Camp Hancock’s director Bill Young and I conceived the “Camp Whatever Letter,” originally written more than a decade ago, as a response to our observations and frustrations about the changing culture of parents and children. Many (not all) young people of all ages had an agenda that included drugs, sex, alcohol, and a fascination with violence. In addition, consulting parents many times about their child’s troubling behavior at camp proved unsuccessful. “That’s the way they are today” was a response heard one too many times.
As educators and parents we knew that two of the most essential components of raising children were love and structure. We also knew that spending time each summer at camp is a statement of who we are, what we believe in, and what we deem best for children in our care.
The Camp Whatever Letter, updated every year, is sent to parents, guardians, and campers, describing firmly what is and isn’t acceptable in our intentional community. Many camps use it as a “memorandum of understanding” and indicate that offenders sent home do not return home with tuition refunds. Love and structure is the underlying motivation.
Please feel free to adopt this for your own camp.
To: Parents and Guardians of Camp “Whatever” [Name of your camp] Campers
Camp Whatever has been successfully providing a summer of safe, age appropriate, and memorable experiences for children for many years. We have been pleased to be able to serve generations of families, as well as multiple siblings from the same family. With few exceptions, Camp Whatever has been able to serve all the children accepted for our program, and, year after year, parents l praise for our work has been the rule. We are grateful for all your letters of appreciation and expressions of satisfaction with our efforts. We have every intent ion of continuing to care for your children with the same concern, interest, and energy as we prepare for next summer. The success of our program is based, in part, on:
Camp Whatever is a community and a family. The well-being of your children, both physically as well as emotionally, continues to be our number one priority. In order for us to continue to be successful, we need to make you aware of the observations and incidents we have been experiencing the last several years. We believe that many children have been negatively influenced by song lyrics, sexually erotic television programming, movies, books, DVDs, computer games, the Internet, and pornography. Our society appears to be focused on sexuality and violence, both of which idealize the use of drugs and alcohol, and our young people cannot avoid seeing, hearing, and absorbing these negative influences. However, what unfortunately may be acceptable in some homes and communities will not be acceptable in Camp Whatever’s community if we are to continue to care for other people’s children with the same concern, interest, and commitment to safety as we have in the past. Our camp attempts to teach campers to:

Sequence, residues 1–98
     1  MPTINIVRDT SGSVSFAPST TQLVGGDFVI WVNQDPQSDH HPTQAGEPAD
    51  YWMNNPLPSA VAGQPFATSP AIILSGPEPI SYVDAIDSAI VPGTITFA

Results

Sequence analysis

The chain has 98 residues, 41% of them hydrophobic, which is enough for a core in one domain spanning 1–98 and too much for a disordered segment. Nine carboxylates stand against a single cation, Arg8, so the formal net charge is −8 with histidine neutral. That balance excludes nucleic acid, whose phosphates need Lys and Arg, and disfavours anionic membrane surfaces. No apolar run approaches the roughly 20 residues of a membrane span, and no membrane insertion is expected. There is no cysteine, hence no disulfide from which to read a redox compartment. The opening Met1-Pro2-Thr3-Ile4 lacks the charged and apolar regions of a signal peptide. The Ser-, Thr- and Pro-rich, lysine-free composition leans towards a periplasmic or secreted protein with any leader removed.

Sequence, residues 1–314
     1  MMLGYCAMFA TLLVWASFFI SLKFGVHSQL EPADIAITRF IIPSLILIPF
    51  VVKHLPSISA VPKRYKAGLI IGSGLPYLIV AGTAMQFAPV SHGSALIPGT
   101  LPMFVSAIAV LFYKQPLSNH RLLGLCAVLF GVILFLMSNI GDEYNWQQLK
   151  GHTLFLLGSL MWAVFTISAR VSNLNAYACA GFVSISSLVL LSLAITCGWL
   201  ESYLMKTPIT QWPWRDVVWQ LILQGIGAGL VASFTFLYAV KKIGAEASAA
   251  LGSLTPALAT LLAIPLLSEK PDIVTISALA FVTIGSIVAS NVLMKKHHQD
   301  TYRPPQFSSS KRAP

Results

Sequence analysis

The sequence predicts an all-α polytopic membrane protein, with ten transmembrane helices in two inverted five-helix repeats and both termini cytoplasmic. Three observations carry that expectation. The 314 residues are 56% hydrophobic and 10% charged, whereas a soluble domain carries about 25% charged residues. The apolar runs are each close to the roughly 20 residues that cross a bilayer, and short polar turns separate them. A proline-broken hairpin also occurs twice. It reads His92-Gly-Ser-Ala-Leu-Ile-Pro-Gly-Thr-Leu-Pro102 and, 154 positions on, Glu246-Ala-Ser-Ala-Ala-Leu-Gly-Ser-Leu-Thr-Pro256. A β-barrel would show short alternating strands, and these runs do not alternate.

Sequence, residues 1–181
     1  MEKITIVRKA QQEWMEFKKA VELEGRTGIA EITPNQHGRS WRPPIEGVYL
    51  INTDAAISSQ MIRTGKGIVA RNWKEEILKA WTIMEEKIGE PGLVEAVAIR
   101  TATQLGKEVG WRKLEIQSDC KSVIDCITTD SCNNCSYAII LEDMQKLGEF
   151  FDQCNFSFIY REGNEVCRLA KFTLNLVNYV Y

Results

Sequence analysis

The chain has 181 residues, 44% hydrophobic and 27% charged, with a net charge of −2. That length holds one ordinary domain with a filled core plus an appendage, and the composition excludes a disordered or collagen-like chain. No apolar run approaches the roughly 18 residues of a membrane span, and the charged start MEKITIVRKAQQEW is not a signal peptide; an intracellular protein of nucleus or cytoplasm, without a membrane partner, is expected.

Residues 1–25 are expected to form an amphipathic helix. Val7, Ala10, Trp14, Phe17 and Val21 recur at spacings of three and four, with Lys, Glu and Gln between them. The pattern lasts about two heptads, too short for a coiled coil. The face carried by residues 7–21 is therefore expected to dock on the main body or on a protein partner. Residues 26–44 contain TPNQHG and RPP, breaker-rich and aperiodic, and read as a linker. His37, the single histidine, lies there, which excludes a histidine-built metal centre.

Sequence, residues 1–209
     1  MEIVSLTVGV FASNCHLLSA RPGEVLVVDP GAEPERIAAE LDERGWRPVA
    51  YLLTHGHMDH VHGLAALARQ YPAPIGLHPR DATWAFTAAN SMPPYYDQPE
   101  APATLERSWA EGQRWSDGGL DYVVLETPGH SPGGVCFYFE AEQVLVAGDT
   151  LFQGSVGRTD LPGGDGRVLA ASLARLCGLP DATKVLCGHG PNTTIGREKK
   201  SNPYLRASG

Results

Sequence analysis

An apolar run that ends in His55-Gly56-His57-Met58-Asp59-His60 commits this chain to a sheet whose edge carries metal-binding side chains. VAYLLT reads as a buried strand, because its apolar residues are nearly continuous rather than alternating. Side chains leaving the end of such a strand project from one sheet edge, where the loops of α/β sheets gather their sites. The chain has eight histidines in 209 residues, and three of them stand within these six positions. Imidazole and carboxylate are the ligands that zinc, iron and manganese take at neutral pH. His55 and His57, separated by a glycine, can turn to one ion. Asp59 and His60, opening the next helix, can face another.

It is essential that you communicate to you r children that we will not accept behaviors such as: bullying (including cyberbullying and sexting); violence; possession of weapons; repeated profanity; disrespect; bigotry; homophobic comments; inappropriate sexual behavior; drug and alcohol use; hurtful Internet, cell phone, instant messaging, or blog use, (or any other inappropriate use of electronic devices — before, during, or after camp); or any other unsafe behaviors that are potentially harmful to themselves or others. They must understand that a consequence of unacceptable behavior can mean their removal from our program. Our demonstrated interest is to offer only pleasant memories for every camper. It is not our intention to exclude any child. It is important to discuss in detail your expectations for your child(ren) and that we are, parents and camp management, in total agreement. A child or children asked to leave camp because of behaviors detailed in this memorandum may not be permitted to return in future summers. There will be no refund of tuitions. Another area of concern has been our experience with some children who have been sent to camp with “family secrets.” Specifically, campers:
In fairness to our counselors, staff, and campers, we need to make informed de